ByScott Wardell, writer at
Senior Editor at MP. It never gets easier, you just go faster.
Scott Wardell

Fans have a laundry list of complaints as to why The Thing (2011) prequel fell well short of John Carpenter's 1982 classic. While the CGI-heavy prequel lacked many of the elements that made the first film such a cult hit, it allowed us to finally learn what fate befell the Norwegian researchers — information that remained largely a mystery to the American research team.

However, one aspect of the film that should not be overlooked is how perfectly the prequel dovetails into the start of the 1982 original. To highlight this juxtaposition, one fan went so far as to carefully blend the two films together, creating a seamless transition from the prequel into the original movie. Check out the slick video made by Justin Saumier below:

The 2011 prequel ends with Lars and Matias loading up the helicopter to chase after an escaped Husky, which is actually the creature merely assuming the appearance of a dog.

As the helicopter navigates across the arctic terrain, the transition from one film to the next is barely noticeable, appearing as if no time has passed since the events of the first film led into the second. That's some cleverly smooth editing; it took me several watches before I could pinpoint the switch.

Bonus Easter Egg

This video also does a great job of highlighting a major hidden secret in the original film: The opening dialogue from the 1982 movie actually gives away the entire plot!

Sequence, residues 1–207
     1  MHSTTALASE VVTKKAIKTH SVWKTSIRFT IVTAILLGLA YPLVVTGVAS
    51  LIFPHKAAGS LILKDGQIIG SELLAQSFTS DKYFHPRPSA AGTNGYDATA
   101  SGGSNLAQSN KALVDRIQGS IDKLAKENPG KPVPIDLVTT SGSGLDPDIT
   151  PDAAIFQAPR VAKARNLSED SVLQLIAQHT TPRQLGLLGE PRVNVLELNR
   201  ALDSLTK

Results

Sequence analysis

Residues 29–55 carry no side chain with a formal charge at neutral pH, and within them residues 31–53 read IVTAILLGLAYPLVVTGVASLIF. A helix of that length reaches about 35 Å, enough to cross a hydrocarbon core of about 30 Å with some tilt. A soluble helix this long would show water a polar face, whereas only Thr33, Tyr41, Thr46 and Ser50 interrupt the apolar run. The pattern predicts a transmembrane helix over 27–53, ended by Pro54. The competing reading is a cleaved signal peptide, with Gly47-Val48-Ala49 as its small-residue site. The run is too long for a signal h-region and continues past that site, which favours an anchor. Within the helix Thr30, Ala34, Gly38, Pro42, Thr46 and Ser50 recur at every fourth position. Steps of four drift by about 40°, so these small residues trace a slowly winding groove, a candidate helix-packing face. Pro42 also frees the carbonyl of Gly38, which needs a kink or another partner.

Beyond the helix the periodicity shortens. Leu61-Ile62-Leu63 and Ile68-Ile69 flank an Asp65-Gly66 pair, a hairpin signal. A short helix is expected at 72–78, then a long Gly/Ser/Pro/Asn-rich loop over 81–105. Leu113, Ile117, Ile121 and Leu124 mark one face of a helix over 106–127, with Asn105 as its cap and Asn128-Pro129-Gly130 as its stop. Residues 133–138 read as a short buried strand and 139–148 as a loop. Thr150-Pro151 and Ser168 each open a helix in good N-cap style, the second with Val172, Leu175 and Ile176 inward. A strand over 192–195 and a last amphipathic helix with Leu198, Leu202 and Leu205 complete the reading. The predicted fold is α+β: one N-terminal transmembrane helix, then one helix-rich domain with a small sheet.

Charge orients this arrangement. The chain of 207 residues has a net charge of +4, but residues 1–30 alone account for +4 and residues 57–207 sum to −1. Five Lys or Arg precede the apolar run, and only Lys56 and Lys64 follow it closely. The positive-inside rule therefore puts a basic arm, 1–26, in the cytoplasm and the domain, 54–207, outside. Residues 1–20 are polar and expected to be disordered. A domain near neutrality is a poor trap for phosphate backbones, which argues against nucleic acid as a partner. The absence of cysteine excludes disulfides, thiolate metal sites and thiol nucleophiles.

Dude, spoilers!
Dude, spoilers!

Had the researchers at the base understood Norwegian, then the movie might have ended much quicker. The original film didn't include English subtitles, so this major plot reveal was kept a secret even to audiences (save for those that spoke Norwegian, of course). It was a pretty gusty move on Carpenter's part — thankfully it didn't spoil the movie for most of us!

Kudos to Justin Saumier for his efforts to unite the two films. The continuity here is chillingly sweet and adds a new sense of tension leading into the original film. I'd love to see this footage included in a double feature with both movies — who else agrees?

Looking for more Thing reading? Check out this awesome fan theory that totally flips the ending of Carpenter's 1982 version.

What do you think of this fan-made video?

[Source: YouTube]


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